Feedback
Meet the Press

In Religious Freedom Debate, a Retreat by Key Republicans

The debate over religious freedom laws this week illustrated the growing momentum of gay rights, with some key Republican politicians forced to adjust their policy stances and public comments as they worried about being cast as intolerant.

On Thursday night, Indiana Gov. Mike Pence signed a revised version of the religious freedom provision which touched off a national controversy that both embarrassed some in his state and may have ended his chances of becoming president. Pence backed the new provision, which includes special language that says religious freedom should be not used as a way to discriminate based on race, sexual orientation or gender, only five days after he strongly had defended the original law and said he would be unwilling to change it.

Indiana lawmakers seek to clarify RFRA 1:50

But Pence was not the only Republican who had to reverse himself within a few days. Legislators in Arkansas revised a similar provision in their state amid protests, and they made changes that will make it harder for private individuals or businesses to cite religious freedom as a way to avoid providing services as part of same-sex weddings.

Former Florida governor and leading 2016 candidate Jeb Bush, who on Monday had praised Pence and strongly defended the law, two days later adjusted his position and suggested that Indiana should have followed the model of Utah’s religious freedom provision, which had included protections in its original version for people who are gay.

Meanwhile, another Republican, Michigan Gov. Rick Snyder, said he would not sign a religious freedom provision that is being considered in the Michigan state legislature.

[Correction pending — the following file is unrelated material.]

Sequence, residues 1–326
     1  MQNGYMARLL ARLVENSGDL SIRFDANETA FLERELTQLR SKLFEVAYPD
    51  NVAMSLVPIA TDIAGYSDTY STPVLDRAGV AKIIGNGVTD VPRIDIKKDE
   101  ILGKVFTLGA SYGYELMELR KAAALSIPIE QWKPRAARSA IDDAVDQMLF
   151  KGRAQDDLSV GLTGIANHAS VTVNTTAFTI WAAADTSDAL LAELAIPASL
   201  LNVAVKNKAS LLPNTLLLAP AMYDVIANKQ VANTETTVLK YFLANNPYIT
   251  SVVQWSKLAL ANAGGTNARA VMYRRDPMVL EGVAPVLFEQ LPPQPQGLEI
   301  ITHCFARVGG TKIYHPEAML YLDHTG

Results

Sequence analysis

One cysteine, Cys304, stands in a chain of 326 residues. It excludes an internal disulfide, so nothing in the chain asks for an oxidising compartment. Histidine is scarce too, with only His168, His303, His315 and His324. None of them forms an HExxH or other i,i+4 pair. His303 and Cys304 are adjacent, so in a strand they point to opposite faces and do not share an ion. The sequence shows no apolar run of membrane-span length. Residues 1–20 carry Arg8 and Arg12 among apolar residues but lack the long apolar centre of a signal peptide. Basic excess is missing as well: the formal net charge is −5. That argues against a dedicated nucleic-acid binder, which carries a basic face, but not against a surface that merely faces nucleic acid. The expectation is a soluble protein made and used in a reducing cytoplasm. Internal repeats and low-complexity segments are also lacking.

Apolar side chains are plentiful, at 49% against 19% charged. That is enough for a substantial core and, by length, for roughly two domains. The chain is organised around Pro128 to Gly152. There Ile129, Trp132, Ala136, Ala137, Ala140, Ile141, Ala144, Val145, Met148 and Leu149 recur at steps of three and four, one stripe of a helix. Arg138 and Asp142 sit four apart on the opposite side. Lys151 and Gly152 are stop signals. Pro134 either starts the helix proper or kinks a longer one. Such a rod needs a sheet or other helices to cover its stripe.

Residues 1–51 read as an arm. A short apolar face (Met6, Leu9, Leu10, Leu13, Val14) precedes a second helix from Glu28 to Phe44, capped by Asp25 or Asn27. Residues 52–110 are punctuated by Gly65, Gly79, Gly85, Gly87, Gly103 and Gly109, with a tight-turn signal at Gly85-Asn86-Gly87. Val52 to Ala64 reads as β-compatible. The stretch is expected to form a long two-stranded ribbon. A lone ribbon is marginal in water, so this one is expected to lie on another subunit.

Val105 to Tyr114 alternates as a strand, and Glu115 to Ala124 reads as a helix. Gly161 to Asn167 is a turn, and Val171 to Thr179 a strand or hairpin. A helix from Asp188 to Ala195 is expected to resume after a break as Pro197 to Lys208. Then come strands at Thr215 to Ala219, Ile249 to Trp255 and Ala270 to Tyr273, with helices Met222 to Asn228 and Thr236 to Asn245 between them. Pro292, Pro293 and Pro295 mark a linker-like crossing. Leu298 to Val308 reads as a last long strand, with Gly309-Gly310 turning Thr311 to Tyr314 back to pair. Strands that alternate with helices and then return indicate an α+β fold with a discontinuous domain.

The shifts by top Republicans irritated religious conservatives, who are very comfortable asserting the view that businesses should be allowed, based on the religious beliefs of their owners, not to take actions that could be considered as condoning gay marriage.

“We have watched a sad spectacle this week as one Republican elected leader after another retreated on the rights of people of faith to have space to express their religious beliefs and defend their conscience,” said Tim Head, executive director of Faith & Freedom Coalition, a national conservative group. “When criticized on the simple issue of the First Amendment right to exercise one’s religion, they folded like a cheap suit.”

Arkansas Considers Controversial Religious Act 1:19

Louisiana Gov. Bobby Jindal, a 2016 presidential candidate, also defended those opposed to same-sex marriage.

“Here in America, we shouldn't force those with sincerely held religious beliefs to participate in ceremonies they don’t want to. That’s the real discrimination,” Jindal said in an interview with a Des Moines radio station that his aides distributed to reporters.

“This isn't hypothetical,” he added. “This isn't made up. We’re talking about florists, we’re talking about bakers, we’re talking about photographers that have had to choose between closing their businesses, paying huge fines or violating their sincerely-held religious beliefs, and I think this is a grave, grave concern.”

What happened this week was both a public display of change that has already happened in politics and likely a preview of what is to come. Many Republican elected officials are increasingly uncomfortable joining social conservative activists who are wary of gay rights.

GOP politicians view the eventual legalization of gay marriage nationally as inevitable, and many rarely speak about the issue publicly.

The push to ban gay marriage nationally, a galvanizing issue for Republicans a decade ago, has ended. In fact, Mike Murphy, one of Bush’s top political advisers, two years ago backed a successful effort to end California’s gay marriage ban.

The U.S. Supreme Court is expected to strike down all remaining gay marriage bans this summer. Most of the Republicans currently in office and the 2016 presidential contenders have in the past said marriage is only between a man and a woman. But it remains to be seen if they will continue to hold that view if same-sex marriages are allowed in all 50 states and supported by the majority of Americans.